5) Those (read English commentators) bemoaning how IPL is ruining Indian youngsters can kindly STFU. Agreed that the primacy of test cricket is getting affected, why would any sane human being refuse an offer running the in the hundreds of thousands of dollars for 6 weeks of cricket. Most of these comments seem to materialize from the fact that they could not make the same amount of money when they played. (For once, I am in agreement with Messrs. Shastri & Gavaskar, Hey, stop judging now. I just said once) Lest they forget, all I can say is beware of Americans bearing wads of money entering Lords in a helicopter to organize T20s flanked by former England & WI greats.
6) Injury & Fatigue management has to be a top priority for Indian cricket & the BCCI. Players dropping halfway through the tour, not appearing fit & looking seemingly tired are key problems that have to be addressed for India to be consistently on top of the table. Player schedule has to be addressed & it does no good when players are put in a position where they would have to select between a lucrative T20 tournament & a marquee tour.
7) Praveen Kumar has to be the find of the tour. For a man derided for his lack of pace, his ability to swing the ball either ways with no discernable change in action & control, accuracy & ability to check the runs when things are not happening are major pluses. That coupled with an attitude of a tear away fast bowler makes him a compelling competitor.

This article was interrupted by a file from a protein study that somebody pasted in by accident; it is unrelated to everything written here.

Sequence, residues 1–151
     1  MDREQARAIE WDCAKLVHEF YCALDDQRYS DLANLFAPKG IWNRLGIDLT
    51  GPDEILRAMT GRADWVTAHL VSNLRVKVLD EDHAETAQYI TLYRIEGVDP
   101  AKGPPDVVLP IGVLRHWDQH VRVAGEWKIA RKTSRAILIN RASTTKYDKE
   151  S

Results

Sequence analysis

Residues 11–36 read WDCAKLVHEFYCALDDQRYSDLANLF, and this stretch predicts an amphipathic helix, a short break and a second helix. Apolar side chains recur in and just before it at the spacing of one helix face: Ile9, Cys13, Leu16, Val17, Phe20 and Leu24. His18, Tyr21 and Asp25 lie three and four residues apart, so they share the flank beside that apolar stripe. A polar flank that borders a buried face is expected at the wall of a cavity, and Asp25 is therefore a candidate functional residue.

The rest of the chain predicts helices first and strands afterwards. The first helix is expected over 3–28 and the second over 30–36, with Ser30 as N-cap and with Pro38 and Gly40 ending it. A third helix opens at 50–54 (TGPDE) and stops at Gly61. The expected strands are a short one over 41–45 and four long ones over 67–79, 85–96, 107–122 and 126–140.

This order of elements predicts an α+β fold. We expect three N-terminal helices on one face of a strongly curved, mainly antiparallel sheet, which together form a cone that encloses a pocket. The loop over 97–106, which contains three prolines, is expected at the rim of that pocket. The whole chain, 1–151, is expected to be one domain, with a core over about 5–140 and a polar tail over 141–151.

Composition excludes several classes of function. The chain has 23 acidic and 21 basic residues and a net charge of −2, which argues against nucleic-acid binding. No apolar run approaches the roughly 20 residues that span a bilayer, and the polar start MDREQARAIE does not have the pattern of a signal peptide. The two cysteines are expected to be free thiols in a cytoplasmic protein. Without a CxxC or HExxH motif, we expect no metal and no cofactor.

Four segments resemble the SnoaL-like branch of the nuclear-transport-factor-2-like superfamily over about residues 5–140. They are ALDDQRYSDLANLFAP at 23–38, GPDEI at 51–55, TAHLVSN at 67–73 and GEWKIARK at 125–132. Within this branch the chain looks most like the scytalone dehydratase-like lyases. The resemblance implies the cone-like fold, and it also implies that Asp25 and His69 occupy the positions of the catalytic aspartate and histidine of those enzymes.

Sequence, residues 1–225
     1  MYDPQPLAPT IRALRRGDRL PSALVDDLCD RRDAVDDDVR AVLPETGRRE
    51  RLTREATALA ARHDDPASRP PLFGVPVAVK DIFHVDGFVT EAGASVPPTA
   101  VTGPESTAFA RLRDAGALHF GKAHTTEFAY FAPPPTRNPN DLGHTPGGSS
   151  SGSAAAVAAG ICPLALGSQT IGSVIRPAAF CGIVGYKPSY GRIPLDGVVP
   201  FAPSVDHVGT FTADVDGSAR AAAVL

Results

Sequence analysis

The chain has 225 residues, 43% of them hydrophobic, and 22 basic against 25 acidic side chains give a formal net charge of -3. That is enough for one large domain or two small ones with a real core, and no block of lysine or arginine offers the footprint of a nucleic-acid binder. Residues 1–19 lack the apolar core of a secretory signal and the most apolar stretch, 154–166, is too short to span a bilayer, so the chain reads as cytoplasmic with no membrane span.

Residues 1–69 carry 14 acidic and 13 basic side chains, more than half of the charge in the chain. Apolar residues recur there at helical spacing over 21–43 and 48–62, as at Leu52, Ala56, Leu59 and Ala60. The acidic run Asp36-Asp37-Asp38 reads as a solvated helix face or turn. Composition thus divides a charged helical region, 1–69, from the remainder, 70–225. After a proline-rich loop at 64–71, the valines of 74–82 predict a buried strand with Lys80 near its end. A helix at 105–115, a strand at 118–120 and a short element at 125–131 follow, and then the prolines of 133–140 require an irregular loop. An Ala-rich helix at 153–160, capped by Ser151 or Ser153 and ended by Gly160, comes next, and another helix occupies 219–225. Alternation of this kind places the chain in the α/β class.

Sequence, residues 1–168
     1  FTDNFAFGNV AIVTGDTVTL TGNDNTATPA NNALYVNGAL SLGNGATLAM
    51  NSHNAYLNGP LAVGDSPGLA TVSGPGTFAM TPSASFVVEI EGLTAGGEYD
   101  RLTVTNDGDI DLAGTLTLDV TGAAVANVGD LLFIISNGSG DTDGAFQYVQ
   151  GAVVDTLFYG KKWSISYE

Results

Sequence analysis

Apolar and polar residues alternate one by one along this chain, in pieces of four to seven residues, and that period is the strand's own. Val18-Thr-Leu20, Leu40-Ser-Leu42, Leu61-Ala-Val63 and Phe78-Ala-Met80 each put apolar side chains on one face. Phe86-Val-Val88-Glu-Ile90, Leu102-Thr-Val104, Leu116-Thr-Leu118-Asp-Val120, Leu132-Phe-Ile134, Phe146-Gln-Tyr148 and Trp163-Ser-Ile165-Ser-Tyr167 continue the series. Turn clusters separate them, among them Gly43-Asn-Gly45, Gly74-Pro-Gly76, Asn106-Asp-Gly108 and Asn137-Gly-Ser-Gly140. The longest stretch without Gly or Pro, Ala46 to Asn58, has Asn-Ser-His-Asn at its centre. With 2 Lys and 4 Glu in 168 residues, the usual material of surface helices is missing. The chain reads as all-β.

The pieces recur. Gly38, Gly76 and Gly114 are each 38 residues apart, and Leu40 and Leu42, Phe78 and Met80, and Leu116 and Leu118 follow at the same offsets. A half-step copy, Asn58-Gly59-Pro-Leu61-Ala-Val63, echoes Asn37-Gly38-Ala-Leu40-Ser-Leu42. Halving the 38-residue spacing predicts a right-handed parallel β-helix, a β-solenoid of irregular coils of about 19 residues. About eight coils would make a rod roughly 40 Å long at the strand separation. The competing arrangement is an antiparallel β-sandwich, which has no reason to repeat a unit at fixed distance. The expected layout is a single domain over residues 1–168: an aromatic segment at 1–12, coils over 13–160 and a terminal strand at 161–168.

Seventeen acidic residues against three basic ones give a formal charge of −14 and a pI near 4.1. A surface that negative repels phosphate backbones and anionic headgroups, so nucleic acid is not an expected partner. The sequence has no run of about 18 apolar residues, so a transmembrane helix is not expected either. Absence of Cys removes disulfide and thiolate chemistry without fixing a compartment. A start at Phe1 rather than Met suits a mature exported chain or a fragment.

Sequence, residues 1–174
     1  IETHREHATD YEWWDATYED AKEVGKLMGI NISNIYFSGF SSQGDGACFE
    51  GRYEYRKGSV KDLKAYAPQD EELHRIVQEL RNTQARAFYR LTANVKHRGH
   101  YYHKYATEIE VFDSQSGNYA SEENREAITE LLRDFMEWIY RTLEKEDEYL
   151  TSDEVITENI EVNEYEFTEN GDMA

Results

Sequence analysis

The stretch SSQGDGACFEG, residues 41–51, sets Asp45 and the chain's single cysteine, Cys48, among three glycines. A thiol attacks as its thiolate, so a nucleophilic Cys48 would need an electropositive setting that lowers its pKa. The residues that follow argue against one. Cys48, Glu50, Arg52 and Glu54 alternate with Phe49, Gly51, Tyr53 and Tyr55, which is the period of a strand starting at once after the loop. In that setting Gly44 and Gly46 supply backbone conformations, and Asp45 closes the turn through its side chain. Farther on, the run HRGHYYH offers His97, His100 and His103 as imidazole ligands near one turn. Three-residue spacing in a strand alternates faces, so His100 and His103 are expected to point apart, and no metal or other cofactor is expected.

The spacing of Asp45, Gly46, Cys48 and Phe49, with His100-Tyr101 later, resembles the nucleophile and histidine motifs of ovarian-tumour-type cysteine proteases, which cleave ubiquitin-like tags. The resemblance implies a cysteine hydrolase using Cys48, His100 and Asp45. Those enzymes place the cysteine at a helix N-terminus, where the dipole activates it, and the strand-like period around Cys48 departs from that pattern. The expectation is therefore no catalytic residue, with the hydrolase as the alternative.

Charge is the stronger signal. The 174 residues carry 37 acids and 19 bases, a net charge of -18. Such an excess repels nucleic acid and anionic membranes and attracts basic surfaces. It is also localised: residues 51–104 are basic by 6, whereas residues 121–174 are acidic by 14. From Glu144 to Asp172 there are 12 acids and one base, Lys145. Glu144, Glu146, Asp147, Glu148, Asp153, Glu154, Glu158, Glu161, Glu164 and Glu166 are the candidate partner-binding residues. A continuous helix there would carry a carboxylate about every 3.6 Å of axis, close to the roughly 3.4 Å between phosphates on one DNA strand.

8. The No.6 position is again raising a lot of questions. Suresh Raina has not done enough to suggest that he is an answer for the position & his susceptibility to the short ball has not put to rest any misgivings. His ability to turn the arm over & bowl quick off spinning darts & presence in the field are pluses. However, his sole priority should be to score runs.
9) All things that could go wrong did go wrong in this tour of England. Openers injured, shuffle in batting order, a middle order that went off boil, a lower order that hardly put a fight, a bowling attack that could not sustain pressure for long periods of time, an out of form spinner, the list is huge. That being said, a major credit has to go the English team. Ruthless & executing a well thought of plan, the team does bat deep & hurts the opposition with its bowling & fielding
10) Zaheer Khan. Such a vital part of the Indian machine. His loss is not just his bowling but also his guidance & experience being passed on to the other bowlers. In his absence, there is a lack of leadership & hence, pressure is not being sustained for a period of time
11) Lastly, one bad tour is enough. We have been at the receiving end of quite a few bad tours but none as bad as this. It probably hurts even more now because of the good job & the heightened expectation that this team has raised. Had this been the team of the 90s, I am sure it would not have hurt that much. But what is now essential is to focus on the tour of Australia towards the end of the year. A tour to Australia is always a hard tour & despite Australia not being in the best of forms, they are a wounded animal at home. That tour has to be one that is very likely to also be a swan song from our fabled middle order. Its essential to prepare well for that tour & strike hard.